The Abandoned Bergman Homestead, First Visit: My best friend and I are both eighteen and young for our age. Exploring an abandoned house deep in the wilds of Milaca feels like an adventure. Getting there actually IS an adventure, accomplished more by miracle than method.
The homestead is right off a county road. Anyone who drives past can see our car sitting in front of the old house, but we sneak around on tiptoe anyway, trying to feel like we’re doing something illicit. It works; the goosebumps rise with every careful step.
There are at least five deserted buildings on the property, and we’re determined to survey them all, as explorers should. The weight of our responsibility is increased by our aspirations. We’re both planning to be famous writers when we grow up, so we’re obligated to respond to the detritus we find in a literary way.
On discovering an old mattress: “I wonder who slept on this mattress. I wonder how many lives began and ended on it.” Pause, smothered giggle. “I’ll bet people had SEX on this mattress.”
On finding a cracked, pink cup by the old well: “Can you imagine how difficult their lives must have been? No plumbing, no indoor heating. We don’t spend enough time thinking about how lucky we are to have modern amenities.”
On standing back and surveying the whole decaying place: “There’s a story here somewhere. I can smell it. I can feel the ghosts of the deceased asking to be heard.”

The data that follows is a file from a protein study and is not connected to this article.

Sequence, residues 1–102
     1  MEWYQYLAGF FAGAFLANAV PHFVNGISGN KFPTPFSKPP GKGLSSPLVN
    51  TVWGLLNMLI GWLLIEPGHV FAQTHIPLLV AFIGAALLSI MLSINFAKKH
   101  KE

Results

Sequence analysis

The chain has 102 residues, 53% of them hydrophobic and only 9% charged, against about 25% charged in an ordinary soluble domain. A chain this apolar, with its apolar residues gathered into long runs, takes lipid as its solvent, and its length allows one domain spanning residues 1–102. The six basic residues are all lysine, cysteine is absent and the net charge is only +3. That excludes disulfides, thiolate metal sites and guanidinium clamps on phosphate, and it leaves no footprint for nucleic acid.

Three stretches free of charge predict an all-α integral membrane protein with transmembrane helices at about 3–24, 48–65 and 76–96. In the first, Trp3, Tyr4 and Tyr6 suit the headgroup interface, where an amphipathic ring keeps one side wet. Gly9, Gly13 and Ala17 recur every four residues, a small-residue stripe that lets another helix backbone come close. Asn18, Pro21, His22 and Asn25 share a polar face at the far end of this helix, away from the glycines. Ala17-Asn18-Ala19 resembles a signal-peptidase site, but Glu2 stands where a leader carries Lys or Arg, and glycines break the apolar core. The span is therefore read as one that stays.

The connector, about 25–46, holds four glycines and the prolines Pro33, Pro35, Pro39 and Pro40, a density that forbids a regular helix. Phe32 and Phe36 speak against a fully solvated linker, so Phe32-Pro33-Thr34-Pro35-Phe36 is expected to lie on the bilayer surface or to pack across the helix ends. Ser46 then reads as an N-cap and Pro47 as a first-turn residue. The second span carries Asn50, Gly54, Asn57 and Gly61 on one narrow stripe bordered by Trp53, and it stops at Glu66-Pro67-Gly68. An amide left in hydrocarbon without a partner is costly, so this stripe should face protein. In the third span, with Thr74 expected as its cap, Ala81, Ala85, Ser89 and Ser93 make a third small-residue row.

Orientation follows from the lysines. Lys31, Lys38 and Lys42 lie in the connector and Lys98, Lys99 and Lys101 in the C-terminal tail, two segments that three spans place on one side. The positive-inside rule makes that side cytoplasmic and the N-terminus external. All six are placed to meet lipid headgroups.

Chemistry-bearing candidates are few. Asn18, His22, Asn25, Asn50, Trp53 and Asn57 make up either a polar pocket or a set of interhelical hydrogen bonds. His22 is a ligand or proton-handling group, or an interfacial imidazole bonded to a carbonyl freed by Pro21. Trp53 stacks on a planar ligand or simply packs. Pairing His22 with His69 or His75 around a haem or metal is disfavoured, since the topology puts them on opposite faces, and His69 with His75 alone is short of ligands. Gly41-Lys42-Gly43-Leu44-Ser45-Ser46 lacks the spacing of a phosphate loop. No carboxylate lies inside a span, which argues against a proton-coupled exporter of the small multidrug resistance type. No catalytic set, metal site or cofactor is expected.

“I wonder if we’ll forget this place,” I comment with anticipatory nostalgia. “When we’re famous writers living in our connected penthouses in New York.”
“No,” she says firmly, “we’ll never forget this place.”
Before we leave, she pauses to pee behind a rotting hay bale. I keep watch by the road. This is probably the most transgressive thing we’ve done all day, and I get the nervous giggles so badly that I have to go too. Shyer than her, I wade deep into a hayfield behind the house and discover the joy of peeing in a sweet sea of alfalfa while bees buzz around your legs and stray wildflowers sway in the wind.
“She’s right,” I think as I zip up my pants. I’ll never forget this place.
Here’s more on local exploration:
Grow: Talking Change with Gabe Sehr, Organic Farmer
Exploration: An Abandoned Farmstead with a Fantastic Dairy Barn
Exploration: Stuff I’ve Done/Seen in the Twin Cities Recently
Exploration: Checking Out a Modern Abandoned Building